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Showing up for duty shortly after midnight on July 8, 1945, Pvt. Clarence V. Bertucci climbed to the top of a guard tower near the camp commander's office at the Salina prisoner-of-war camp in Sevier County. He threaded a cartridge belt into a mounted .30-caliber M1917 Browning machine gun, aimed it toward tents housing some 250 sleeping German prisoners, and methodically fired nearly 250 rounds of ammunition within 15 seconds.

Firing from left to right and back again, Bertucci shot up 30 tents, killed nine prisoners of war and wounded 19 others.

Bertucci was unrepentant about his murderous actions, which flew in the face of the 1929 Geneva Convention on the treatment of prisoners of war. Occurring two months after VE Day had marked Germany's formal surrender on May 8 and the end of Hitler's war, Bertucci's "Midnight Massacre" would be remembered as "the worst massacre at a POW camp in U.S. history."

To help alleviate Great Britain's insurmountable POW housing problems, from 1942 through 1945 approximately 425,000 Axis prisoners of war (including more than 370,000 Germans and 50,000 Italians) were shipped to 500 POW camps located in all but four U.S. states. "Segregated camps" were designated for uncompromising Nazi POWs.

Incarcerated in Utah, ideal because of its remoteness, some 15,000 prisoners were distributed among a dozen camps of varying occupancy and isolation. Several thousand were interned at Defense Depot Ogden while 1,000 more were incarcerated at Tooele Ordnance Depot. With "PW" emblazoned on their outer clothing, most worked in agriculture, mills and sundry industries to make up for the lost labor force that was fighting overseas.

Built at the site of a former Civilian Conservation Corps camp at the eastern end of the town's Main Street, Camp Salina held 250 Germans rumored to be from the military Wehrmacht, the Waffen-SS, or "veterans of Rommel's Afrika Korps."

Brought in to help with the harvest, they were willing to work and be friendly to the locals, said historian Pat Bagley, a cartoonist for The Salt Lake Tribune.

"Beyond the occasional hard-core Nazis who carved swastikas into peaches, the Germans were mostly well-behaved," he wrote in the Nov. 27, 2005, edition of The Tribune.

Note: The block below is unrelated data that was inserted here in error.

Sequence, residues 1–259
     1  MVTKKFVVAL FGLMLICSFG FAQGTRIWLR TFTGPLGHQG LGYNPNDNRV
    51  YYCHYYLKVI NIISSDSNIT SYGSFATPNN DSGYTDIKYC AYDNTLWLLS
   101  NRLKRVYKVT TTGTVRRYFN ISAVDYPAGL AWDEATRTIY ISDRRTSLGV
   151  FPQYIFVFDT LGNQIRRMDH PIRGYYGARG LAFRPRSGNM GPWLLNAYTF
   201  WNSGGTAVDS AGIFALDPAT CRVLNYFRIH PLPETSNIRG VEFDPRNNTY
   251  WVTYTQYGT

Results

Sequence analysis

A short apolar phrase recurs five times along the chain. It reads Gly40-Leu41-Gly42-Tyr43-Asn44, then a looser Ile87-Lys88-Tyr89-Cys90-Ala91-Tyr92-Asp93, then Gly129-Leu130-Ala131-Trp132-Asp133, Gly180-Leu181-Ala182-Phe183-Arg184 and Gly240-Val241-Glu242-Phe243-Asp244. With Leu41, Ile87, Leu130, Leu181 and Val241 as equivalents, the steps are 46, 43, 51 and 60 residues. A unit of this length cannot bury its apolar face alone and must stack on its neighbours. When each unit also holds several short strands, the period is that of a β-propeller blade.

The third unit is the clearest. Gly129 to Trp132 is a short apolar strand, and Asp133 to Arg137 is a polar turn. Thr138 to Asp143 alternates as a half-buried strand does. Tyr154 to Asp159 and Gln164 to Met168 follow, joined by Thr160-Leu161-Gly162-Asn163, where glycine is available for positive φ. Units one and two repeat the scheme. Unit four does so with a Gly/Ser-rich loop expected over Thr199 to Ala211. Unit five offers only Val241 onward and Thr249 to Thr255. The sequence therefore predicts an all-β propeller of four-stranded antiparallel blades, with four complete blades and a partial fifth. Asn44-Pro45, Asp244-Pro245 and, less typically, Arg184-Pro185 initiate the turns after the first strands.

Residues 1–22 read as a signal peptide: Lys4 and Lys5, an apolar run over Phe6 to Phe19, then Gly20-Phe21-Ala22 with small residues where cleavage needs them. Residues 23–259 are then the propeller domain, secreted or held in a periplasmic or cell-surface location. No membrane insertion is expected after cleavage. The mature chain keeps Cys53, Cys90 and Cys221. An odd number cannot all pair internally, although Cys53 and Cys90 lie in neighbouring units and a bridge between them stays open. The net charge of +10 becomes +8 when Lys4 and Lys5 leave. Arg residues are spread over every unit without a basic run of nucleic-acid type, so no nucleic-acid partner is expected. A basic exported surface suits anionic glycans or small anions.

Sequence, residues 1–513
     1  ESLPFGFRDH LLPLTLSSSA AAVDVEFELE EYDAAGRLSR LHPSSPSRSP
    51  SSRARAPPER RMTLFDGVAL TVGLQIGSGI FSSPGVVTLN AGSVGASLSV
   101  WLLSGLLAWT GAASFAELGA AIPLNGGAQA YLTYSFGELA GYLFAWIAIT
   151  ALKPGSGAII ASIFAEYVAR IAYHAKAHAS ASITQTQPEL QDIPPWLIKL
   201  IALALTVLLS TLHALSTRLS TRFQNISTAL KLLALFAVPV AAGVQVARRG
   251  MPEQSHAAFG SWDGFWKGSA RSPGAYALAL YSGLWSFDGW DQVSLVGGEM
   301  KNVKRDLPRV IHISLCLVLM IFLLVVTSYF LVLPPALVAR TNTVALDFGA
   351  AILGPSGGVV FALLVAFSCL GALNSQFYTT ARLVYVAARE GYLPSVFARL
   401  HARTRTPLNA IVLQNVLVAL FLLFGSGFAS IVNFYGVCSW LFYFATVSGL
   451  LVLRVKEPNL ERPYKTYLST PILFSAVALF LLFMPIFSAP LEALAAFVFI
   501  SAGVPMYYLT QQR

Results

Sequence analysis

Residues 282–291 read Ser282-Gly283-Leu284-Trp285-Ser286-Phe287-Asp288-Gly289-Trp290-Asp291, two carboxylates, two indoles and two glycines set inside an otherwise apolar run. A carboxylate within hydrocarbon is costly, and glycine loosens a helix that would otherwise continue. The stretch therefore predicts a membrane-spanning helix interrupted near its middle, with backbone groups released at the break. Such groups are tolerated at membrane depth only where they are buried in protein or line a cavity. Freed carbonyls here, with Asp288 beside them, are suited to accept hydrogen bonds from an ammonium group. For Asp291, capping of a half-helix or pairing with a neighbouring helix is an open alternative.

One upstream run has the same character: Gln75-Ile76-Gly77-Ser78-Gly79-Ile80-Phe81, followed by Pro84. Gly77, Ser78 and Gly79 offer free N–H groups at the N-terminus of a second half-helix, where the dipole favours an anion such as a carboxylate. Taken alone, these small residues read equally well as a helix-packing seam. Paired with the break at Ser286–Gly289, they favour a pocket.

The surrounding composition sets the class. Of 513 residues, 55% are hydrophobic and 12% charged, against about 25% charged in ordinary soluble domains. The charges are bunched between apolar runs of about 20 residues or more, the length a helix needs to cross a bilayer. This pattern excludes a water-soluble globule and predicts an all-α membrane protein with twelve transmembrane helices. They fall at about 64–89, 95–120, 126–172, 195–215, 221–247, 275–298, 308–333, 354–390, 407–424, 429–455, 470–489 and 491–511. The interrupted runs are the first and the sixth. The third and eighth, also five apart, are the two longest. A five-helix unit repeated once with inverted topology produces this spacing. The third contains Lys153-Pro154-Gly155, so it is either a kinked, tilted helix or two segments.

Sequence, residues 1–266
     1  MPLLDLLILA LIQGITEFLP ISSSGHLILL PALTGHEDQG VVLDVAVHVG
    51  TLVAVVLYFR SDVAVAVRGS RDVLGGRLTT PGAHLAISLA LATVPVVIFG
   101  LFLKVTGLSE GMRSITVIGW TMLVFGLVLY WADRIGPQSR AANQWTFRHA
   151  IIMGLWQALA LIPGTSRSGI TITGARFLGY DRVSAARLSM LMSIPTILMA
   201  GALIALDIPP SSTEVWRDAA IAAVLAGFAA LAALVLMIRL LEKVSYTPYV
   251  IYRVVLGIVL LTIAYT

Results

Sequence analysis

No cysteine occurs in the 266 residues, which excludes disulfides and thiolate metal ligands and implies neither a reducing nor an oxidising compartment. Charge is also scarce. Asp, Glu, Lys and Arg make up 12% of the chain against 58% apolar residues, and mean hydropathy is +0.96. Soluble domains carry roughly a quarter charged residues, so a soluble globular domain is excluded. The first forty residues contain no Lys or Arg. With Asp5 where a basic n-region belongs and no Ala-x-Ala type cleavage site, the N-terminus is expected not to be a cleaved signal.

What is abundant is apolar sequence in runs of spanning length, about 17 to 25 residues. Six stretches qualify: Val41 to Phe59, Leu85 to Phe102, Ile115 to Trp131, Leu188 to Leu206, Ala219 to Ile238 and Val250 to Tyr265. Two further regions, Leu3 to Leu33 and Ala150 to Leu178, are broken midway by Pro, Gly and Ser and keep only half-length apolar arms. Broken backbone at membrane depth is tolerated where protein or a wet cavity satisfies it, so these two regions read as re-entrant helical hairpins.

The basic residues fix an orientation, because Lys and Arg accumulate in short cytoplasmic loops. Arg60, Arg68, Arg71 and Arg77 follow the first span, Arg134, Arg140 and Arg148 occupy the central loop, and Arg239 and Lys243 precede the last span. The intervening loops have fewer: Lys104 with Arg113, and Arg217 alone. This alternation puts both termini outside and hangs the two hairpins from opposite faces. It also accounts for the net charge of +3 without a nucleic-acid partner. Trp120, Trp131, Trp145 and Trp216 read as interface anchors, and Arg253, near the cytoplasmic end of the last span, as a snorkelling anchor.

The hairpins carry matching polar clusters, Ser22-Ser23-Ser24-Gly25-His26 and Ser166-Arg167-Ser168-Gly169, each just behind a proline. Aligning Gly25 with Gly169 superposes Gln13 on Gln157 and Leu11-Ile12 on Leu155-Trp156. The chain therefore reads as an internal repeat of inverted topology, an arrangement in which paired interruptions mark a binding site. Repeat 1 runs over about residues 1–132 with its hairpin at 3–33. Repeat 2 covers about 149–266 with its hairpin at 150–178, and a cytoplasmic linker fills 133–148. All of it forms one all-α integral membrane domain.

A small, temporary unit occupied from 1944 to 1945, the camp contained 43 wooden-floor tents, several buildings, an officers' quarters and three guard towers along its perimeter.

On July 7, the prisoners spent a full day working in Salina's beet fields, returned to the compound for dinner, and later retired to their tents. They were waiting to be shipped home.

Born in 1921 in New Orleans, Bertucci was a sixth-grade dropout who enlisted in the U.S. Army in 1940, served an eight-month tour of duty in England with an artillery unit, reportedly had a "discipline problem" and apparently survived "two courts-martial."

He also exhibited a "pathological hatred for Germans," saying he felt "cheated" by not having seen combat, and that someday he would get his "turn."

Prior to the attack, Bertucci drank beer at a Salina bar and stopped for coffee at a café. He chatted up a waitress, told her something exciting was about to happen, and in the cool night breeze walked back to the camp. No one would have suspected anything was different than any other day.

But it was. Amid the horrifying screams from the tents, Bertucci yelled for more ammunition. Dehumanizing the victims, he never saw their eyes. And taken down by soldiers and placed into custody, he seemingly didn't care.

"The wounded were taken to the Salina hospital where it's remembered that blood flowed out of the front door," Bagley wrote. "One prisoner, nearly cut in half, would survive six hours."

The victims, between 24 and 28 years old, were dressed in khaki U.S. military uniforms. Taps was played and with no post-war German flag to drape over their caskets, they were buried in the Fort Douglas Cemetery.

Once recovered, the wounded soldiers returned to Germany.

Bertucci was declared insane.

Eileen Hallet Stone, author of "Hidden History of Utah" and "Historic Tales of Utah," a new compilation of her Living History columns in The Salt Lake Tribune, may be reached at Notes: See Scott Porter's documentary, "Splinters of a Nation," and visit Salina's new CCC and POW museum opening Nov. 12 at noon.